As we envision the future of our country, we’re seeking out brilliant and diverse voices to help us understand the challenges that we face—to understand what problems need solving, and what we can do to help make peoples’ lives better. These 12 books show just a sliver of American experiences and history, but they are resources that we as citizens—and our newly elected leaders—can turn to. They help us to understand how we’ve gotten to where we are today and grasp the consequences of how decisions made today will shape our future.
With the days getting shorter and the nights getting longer, winter is the perfect time to sit by the fire and lose yourself in a deliciously long book. From epic fantasy to searing romance, these 13 books are some of our extra-long favorites to enjoy while waiting for spring!
Paul Kalanithi recounts the story of his own mortality with the precision of a surgeon and the poeticism of a gifted writer—because, of course, he was both.
But his uncanny ability to inhabit two seemingly disparate worlds does not end here; his narrative also straddles the divide between doctor and patient, caretaker and cared for, lackadaisical philosopher and man of reason. At the heart of this reckoning is the battle that consumes his days: “to pursue death: to grasp it, uncloak it, and see it eye-to-eye, unblinking.” WHEN BREATH BECOMES AIR is the beautiful, heartbreaking exploration of this very inevitability that we all fear—but that few dare to look straight in the eye.
President Obama has made it clear over the past 8 years that books are a big part of his life—whether he’s shopping on Small Business Saturday or releasing his vacation reading list. (Plus, he did an impressive interview with author Marilynne Robinson, which you can listen to here. Cross your fingers for a post–White House podcast!) A bestselling author himself, our reader-in-chief has followed his predecessors in recommending some great nonfiction titles, but has surprised us all by being a particularly prolific fiction reader as well. Here are some of the books he’s picked up during his time in office.
When I look back at my teenage self, with my ill-advised bangs and strange affinity for glittery blue eyeliner, I remember both the highs and lows of growing up. There were hilarious adventures with friends and moments of intense loneliness in which I felt unsure of who I was. I’ve done my fair share of growing up since then, and I still have a little way to go, but reading Caitlin Moran’s coming-of-age story HOW TO BUILD A GIRL instantly brought back all the memories that I had somehow managed to forget.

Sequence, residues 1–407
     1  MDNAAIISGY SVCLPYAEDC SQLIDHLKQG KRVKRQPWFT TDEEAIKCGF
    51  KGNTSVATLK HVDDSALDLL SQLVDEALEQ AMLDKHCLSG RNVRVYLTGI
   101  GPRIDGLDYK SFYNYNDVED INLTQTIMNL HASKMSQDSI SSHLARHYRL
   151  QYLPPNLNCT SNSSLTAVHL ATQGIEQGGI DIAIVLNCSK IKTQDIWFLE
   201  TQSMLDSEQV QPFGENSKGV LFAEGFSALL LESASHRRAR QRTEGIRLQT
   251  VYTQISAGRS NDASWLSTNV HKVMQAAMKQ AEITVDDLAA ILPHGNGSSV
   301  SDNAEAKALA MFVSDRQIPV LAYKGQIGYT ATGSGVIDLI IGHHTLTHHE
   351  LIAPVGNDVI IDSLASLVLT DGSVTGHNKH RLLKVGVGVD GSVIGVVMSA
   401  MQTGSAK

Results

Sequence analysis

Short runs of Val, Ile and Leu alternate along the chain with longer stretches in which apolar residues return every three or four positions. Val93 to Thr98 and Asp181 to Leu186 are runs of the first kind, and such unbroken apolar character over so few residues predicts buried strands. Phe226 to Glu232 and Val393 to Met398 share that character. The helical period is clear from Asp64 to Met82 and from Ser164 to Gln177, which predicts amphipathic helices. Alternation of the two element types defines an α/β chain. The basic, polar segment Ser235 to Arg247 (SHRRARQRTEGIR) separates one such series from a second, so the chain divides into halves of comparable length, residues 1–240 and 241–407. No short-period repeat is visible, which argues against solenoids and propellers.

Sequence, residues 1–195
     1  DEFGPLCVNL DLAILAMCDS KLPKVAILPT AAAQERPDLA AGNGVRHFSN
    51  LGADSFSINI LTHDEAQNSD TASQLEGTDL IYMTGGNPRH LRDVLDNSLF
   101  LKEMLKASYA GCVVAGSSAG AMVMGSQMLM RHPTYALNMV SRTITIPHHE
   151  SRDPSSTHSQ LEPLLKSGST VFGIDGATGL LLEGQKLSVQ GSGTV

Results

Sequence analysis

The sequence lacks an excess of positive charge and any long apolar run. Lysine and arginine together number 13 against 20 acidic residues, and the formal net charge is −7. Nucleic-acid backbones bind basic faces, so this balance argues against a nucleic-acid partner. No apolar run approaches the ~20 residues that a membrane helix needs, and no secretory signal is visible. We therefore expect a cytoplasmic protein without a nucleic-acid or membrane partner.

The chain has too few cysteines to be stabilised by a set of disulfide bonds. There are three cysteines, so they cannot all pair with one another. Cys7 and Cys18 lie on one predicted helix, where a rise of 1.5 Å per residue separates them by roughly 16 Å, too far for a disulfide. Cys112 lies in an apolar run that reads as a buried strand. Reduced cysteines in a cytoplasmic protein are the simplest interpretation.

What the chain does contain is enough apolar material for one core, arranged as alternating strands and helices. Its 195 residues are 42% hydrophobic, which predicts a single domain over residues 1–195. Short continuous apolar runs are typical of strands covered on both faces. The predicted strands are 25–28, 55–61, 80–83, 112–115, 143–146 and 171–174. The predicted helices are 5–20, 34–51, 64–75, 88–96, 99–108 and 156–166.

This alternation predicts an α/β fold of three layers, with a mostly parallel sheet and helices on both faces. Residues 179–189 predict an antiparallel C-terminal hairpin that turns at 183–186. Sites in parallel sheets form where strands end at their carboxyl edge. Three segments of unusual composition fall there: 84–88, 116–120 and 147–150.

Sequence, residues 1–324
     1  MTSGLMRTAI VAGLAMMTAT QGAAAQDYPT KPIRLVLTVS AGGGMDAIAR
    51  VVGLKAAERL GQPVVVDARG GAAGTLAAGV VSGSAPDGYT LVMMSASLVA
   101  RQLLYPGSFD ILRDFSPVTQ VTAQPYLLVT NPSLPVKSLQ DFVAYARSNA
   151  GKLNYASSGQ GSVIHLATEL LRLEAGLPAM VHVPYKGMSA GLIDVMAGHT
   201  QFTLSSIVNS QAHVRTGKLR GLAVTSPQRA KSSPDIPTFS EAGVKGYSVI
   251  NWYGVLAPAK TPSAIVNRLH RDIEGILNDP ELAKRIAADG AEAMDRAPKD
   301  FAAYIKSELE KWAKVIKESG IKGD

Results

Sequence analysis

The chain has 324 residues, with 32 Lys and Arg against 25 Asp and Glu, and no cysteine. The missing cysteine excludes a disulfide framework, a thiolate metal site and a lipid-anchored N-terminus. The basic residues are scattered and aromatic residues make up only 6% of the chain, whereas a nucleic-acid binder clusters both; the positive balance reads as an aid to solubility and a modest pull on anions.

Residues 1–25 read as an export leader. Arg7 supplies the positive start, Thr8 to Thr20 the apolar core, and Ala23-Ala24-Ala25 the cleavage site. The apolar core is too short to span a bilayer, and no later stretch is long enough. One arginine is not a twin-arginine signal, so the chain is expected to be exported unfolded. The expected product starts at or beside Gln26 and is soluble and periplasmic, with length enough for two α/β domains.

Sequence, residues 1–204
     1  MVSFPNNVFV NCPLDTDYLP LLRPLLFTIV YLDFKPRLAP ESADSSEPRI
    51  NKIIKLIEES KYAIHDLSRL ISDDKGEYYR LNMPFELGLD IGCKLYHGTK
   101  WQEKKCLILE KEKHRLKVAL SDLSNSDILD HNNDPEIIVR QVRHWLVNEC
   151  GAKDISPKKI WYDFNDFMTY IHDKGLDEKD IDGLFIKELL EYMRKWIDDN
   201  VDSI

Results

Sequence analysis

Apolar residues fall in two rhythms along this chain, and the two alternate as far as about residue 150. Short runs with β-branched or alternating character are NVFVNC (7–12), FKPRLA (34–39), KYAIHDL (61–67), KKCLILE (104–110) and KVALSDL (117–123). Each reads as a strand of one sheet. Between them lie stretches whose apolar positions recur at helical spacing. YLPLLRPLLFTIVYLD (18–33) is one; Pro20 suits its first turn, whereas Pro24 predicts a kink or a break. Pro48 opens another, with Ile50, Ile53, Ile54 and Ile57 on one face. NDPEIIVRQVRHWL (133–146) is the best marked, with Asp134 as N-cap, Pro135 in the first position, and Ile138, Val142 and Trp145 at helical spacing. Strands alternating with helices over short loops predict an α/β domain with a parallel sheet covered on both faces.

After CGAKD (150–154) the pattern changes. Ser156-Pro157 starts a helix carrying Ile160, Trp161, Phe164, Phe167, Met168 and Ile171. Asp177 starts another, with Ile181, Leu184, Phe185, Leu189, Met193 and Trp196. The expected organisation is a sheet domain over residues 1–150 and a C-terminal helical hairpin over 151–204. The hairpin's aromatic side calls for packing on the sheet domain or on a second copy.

As I sit in my windowless room in my Brooklyn apartment and realize just how many episodes of “Tiny House Nation” I’ve streamed in a row, I wonder whether it would be better to turn my obsession with houses to the page. Surely fiction allows us to explore houses with secrets in the attics, walls steeped in history, homes to unclaimed orphans—and even a ghost or two? For those moments when HGTV’s French-windowed balconies and sweeping ranchland views become a little too much to bear, satisfy your “house-hunger”—with all its attendant views and buried secrets—with these novels.
Whether they’re in the zoo, the wild, or our living room, animals are all around us. We recognize their smarts and savvy, but how much do we really know about what they know? Here are 14 books that explore the hearts and minds of our furry, gilled, and four- (or eight-) legged friends.
When you attend a dinner party, you buy-in to an unspoken social contract: as the fantastic dinner party guest that you are, you bring a gift for the hostess (aka wine, please bring us wine) and you agree to be more or less well-behaved throughout the course of the evening.
As we fantasized about our dream dinner party guests, some of our favorite fictional characters inevitably came to mind. We’d be thrilled to wine and dine with these 15 characters all evening long.
When we meet Bobo, who is Alexandra Fuller’s younger self in her memoir DON’T LET’S GO TO THE DOGS TONIGHT, it is very late, or very early, and she is in the loo. Her older sister Van is there with her, holding a candle, on the lookout for spiders, snakes, and scorpions, while Bobo pees. Bobo is maybe five, and has woken her sister instead of her parents to accompany her, because waking her parents might mean being mistaken for a “terrorist” and getting shot.
Telling our own stories gives life momentum and allows us to reflect on both the incredible and the awful moments we experience. What makes memoirs so crucial is their ability to help us understand the world and the people around us. While these 8 memoirs range from heartbreaking to hilarious, they all share in the idea that we can learn from each other’s mistakes, traumas, and fortunes—and that there is incredible power in perseverance and redemption.